Texans Aim for Constitutional Carry in Committee Hearing - Texas Scorecard

Gun rights activists showed up en masse to the Texas Capitol on Thursday to testify in favor of constitutional carry, a perennial priority for Texas Republicans.

In a marathon hearing that lasted until Friday morning, the Texas House Homeland Security Committee met, in part, to discuss constitutional carry bills that would allow citizens to possess firearms without permits from the state.

Four bills were considered by the committee: House Bill 1238 by State Rep. Kyle Biedermann (R–Fredericksburg), House Bill 1911 by State Rep. James White (R–Hillister), House Bill 1927 by State Rep. Matt Schaefer (R–Tyler), and House Bill 2900 by State Rep. Cole Hefner (R–Mt. Pleasant).

This was the first time since 2015 that there has been a constitutional carry bill filed in both the House and Senate and only the second time in Texas history it has been given a committee hearing.

The Republican Party of Texas and gun owners across Texas have been advocating constitutional carry for more than a decade, but efforts to eliminate the need for a state gun permit have consistently failed to pass in the Texas Capitol.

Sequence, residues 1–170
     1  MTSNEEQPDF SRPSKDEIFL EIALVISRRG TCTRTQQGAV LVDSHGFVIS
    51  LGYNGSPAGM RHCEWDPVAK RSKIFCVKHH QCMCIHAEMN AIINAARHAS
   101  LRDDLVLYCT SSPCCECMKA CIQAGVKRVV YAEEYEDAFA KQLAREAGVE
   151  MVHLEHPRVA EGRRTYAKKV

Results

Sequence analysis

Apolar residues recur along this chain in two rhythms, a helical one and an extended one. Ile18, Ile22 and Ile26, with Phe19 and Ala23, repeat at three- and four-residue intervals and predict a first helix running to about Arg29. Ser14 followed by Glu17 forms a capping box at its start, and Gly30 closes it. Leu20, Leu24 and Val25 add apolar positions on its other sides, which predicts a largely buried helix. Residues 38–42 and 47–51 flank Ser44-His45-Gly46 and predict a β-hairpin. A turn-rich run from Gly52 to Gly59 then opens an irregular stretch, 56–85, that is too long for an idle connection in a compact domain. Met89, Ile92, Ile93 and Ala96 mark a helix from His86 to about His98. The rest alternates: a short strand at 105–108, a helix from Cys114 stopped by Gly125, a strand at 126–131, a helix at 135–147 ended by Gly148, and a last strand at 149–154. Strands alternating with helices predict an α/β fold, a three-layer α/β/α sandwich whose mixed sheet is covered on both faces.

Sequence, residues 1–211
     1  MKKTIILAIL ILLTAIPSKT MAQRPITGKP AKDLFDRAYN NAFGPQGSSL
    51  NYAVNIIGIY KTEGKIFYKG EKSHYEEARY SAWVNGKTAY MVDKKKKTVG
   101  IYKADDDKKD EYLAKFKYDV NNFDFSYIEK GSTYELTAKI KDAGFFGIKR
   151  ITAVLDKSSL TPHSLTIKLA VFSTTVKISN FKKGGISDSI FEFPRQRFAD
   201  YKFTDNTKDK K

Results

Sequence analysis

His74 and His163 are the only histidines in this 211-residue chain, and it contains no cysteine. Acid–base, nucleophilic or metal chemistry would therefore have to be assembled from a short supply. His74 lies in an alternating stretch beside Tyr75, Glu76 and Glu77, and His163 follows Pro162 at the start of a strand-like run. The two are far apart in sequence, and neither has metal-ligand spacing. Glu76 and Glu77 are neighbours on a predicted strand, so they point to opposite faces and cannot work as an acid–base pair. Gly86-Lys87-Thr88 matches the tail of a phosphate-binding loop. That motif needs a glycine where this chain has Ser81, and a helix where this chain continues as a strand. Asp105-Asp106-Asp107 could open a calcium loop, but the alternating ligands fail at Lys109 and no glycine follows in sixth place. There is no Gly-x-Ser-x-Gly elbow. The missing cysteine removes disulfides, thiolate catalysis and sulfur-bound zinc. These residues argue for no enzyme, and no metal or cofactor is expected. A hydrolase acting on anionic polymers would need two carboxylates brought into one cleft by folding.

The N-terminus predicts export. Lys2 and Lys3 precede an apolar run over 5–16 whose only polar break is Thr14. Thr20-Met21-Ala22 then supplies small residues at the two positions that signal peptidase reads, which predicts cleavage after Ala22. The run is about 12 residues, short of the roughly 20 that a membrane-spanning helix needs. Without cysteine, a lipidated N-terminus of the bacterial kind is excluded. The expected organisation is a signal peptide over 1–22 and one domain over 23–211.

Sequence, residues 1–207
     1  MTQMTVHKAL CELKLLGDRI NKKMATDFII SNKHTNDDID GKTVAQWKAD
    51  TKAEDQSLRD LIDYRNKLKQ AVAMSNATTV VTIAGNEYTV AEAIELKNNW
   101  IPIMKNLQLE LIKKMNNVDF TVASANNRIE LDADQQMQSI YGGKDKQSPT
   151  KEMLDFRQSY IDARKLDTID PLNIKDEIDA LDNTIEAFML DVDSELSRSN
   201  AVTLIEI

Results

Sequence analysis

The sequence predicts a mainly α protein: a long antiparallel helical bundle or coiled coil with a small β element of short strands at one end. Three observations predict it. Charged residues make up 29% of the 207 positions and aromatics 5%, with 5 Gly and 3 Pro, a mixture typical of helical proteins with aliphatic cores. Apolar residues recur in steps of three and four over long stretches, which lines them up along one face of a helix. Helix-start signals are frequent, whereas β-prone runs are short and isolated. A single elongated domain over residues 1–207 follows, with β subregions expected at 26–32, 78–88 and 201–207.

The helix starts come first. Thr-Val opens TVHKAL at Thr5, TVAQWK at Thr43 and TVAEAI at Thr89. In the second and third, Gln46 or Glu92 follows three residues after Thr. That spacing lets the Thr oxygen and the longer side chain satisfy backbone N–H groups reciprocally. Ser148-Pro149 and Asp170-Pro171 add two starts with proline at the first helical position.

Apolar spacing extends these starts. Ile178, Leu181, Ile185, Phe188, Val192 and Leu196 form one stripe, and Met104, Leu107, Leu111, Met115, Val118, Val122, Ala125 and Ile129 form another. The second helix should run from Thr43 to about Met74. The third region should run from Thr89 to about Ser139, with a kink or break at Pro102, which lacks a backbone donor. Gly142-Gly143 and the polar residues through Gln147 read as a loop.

Meanwhile, 32 other states have some form of permitless carry. Many individuals who came to testify in support of constitutional carry pointed out that other states have already passed constitutional carry, including left-leaning blue states such as Maine, New Hampshire, and Vermont.

“I can tell you from going across Texas … if you go to grassroots groups and conservative groups, every one of them wants constitutional carry,” said Wes Virdell, who drove from Brady (two hours west of Austin) to testify.

“We shouldn’t have to ask for permission to carry a firearm. If we’re legally allowed to carry it, it’s not the government’s right to delegate if we can or not. Because that’s a privilege at that point, instead of a right,” he told Texas Scorecard.

Representatives from Young Americans for Liberty, Gun Owners of America, and Texas Gun Rights also showed up to push for the legislation.

Texas Republican Chairman Allen West also submitted written testimony of his own in support of two of the constitutional carry bills.

“Our Constitution is our rule of law, and the first ten amendments of that venerable document contain our Bill of Rights,” said West. “Those First Amendment rights, such as freedom of religion, freedom of speech, freedom of expression, freedom to assemble, and the right to petition the government for redress of grievance, do not come with any requirement to obtain a permit.”